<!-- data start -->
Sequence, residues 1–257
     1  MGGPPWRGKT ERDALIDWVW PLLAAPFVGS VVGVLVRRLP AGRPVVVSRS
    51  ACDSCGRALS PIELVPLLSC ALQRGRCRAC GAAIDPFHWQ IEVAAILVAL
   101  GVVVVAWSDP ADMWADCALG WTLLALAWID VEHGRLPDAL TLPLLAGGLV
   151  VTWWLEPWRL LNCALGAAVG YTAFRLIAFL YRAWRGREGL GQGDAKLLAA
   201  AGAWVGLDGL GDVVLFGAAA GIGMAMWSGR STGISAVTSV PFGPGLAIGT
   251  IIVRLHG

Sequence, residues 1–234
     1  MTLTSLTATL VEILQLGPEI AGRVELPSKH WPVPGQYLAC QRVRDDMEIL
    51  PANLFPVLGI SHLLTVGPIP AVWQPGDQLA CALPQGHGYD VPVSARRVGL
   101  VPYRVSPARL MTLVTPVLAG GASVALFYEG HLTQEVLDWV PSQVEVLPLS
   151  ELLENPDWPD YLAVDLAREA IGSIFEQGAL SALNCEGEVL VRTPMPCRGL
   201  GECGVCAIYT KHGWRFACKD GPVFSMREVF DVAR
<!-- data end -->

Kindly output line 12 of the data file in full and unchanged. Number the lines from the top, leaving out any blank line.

   151  ELLENPDWPD YLAVDLAREA IGSIFEQGAL SALNCEGEVL VRTPMPCRGL